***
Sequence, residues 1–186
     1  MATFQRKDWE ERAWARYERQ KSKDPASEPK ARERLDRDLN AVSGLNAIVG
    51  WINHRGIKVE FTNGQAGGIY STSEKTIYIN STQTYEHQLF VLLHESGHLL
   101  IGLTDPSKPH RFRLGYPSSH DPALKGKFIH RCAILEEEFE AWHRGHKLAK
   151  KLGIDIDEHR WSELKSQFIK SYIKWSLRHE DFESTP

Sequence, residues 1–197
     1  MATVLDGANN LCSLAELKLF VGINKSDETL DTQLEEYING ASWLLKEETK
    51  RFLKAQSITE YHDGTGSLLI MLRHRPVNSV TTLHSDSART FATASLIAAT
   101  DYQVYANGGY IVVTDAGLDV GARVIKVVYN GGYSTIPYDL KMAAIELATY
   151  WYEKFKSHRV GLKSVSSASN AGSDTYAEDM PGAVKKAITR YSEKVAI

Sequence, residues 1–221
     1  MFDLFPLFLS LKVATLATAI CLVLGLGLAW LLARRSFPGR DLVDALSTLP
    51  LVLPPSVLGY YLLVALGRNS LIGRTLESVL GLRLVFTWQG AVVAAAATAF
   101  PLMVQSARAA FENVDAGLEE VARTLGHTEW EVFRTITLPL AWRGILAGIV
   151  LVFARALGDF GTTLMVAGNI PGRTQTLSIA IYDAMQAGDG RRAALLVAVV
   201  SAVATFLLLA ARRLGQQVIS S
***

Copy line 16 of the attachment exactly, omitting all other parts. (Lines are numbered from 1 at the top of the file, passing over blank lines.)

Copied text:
   201  SAVATFLLLA ARRLGQQVIS S